Last month, we briefly highlighted that auto loans with terms lasting as long as 84 months are becoming more common, thanks to a number of prevailing factors. Turns out, I should’ve dug deeper: as the Financial Times notes, we’re witnessing an uptick in new car buyers taking on 96 month loans. Eight years, folks.
The Financial Times piece highlights a lot of the figures we’ve noted in recent stories: record-setting loan amounts outstanding ($1.1 trillion, now $1.2 trillion), people paying record amounts for a new car ($27,430), a record number of people 90 days or more behind on their auto loan payment (6.3 million).
And here’s the upshot, per the FT (emphasis mine):
Lenders in America’s $1.2tn car-loan market are extending terms for as long as eight years, meaning they face a greater risk of defaults and meagre recovery values.
The average term on new car loans stood at 67 months — or five and a half years — at the end of 2017, according to data from the Federal Reserve Bank of New York, having steadily risen since 2008. A small number of new loans are being extended out to between 85 and 96 months — or eight years — according to Experian data.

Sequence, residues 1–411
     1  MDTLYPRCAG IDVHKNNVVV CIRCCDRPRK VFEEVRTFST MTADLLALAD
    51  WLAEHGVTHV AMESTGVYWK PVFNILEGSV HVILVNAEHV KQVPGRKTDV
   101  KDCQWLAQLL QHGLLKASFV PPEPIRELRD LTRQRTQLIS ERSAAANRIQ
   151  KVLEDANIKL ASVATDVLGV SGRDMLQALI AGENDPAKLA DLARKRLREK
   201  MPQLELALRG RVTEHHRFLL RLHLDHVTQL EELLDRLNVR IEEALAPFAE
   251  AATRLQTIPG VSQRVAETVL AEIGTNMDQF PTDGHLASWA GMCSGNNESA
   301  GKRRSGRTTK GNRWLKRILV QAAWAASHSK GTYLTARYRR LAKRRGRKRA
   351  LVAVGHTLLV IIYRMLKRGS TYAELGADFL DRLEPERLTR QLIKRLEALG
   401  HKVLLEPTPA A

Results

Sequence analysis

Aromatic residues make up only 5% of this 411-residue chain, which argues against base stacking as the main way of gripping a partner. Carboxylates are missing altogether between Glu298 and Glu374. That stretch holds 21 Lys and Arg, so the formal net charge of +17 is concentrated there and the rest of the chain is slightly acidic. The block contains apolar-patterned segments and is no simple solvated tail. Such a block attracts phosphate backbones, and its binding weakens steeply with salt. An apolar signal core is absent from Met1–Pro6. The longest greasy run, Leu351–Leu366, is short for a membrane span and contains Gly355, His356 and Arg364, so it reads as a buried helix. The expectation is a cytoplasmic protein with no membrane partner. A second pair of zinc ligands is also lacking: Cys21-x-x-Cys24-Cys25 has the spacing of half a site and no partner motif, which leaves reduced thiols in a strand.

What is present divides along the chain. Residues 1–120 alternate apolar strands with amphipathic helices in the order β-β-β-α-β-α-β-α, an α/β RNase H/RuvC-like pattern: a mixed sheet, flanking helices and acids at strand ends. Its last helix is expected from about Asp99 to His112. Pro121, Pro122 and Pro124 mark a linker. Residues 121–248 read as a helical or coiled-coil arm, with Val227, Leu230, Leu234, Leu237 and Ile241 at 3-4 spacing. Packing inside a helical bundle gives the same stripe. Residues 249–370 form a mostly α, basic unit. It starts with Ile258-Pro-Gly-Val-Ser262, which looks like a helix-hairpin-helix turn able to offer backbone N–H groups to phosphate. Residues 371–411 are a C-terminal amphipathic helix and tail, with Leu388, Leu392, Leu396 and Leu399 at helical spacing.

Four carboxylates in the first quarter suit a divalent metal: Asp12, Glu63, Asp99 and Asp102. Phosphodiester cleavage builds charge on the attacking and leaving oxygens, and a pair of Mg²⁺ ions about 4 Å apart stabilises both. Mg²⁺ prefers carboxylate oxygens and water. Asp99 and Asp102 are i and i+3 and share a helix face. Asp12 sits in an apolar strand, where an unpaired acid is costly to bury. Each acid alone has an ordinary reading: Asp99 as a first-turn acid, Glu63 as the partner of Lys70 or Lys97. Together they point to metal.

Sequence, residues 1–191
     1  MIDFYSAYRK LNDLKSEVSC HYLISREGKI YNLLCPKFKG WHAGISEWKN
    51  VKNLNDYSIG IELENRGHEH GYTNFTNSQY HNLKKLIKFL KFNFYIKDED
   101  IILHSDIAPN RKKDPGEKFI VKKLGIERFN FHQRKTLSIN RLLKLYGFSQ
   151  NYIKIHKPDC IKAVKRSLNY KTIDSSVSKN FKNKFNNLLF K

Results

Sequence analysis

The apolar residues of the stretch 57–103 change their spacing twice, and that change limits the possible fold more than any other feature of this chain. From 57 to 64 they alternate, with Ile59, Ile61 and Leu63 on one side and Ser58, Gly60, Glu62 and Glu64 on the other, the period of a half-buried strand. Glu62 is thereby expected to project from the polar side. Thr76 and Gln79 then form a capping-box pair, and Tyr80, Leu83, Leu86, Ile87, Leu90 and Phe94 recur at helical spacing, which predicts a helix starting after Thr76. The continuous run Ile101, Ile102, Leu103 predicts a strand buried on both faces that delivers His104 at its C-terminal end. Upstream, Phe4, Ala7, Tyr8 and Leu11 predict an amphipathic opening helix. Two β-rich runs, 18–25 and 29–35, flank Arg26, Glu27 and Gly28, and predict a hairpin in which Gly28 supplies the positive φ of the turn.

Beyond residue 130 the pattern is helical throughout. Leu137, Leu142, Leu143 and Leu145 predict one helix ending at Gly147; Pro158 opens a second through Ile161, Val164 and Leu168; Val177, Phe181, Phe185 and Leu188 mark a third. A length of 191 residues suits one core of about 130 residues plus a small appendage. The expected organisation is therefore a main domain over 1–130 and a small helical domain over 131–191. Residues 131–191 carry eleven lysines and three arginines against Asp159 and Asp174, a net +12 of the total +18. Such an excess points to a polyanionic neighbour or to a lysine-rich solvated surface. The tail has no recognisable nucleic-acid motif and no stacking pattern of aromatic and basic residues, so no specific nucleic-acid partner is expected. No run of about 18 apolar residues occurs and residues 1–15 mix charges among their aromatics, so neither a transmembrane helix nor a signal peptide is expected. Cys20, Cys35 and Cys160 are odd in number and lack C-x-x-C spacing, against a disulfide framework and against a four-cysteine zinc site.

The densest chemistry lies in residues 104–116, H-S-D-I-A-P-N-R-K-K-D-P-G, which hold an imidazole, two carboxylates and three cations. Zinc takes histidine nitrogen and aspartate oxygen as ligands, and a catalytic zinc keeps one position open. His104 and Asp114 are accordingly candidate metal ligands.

Eight damn years. Couldn’t be, I wailed into the void.
Ah, but I was wrong. In Experian’s review of the third quarter in 2017 for auto lending, the report found that the percent of new car loans in the 85-96 month range ticked upward to 1 percent from 0.9 percent.
That may seem minuscule, but at 17 million car sales per year, that represents about 17,000 more people in a year who took on loans with terms that last as long as eight years.
Technology disruption—like autonomous or electric vehicles—could create issues in the auto industry, but I think the impact of lending trends like this is something that might wind up more problematic for carmakers. At some point, it has to stop heading in this direction, and I think when it does, it won’t be pretty.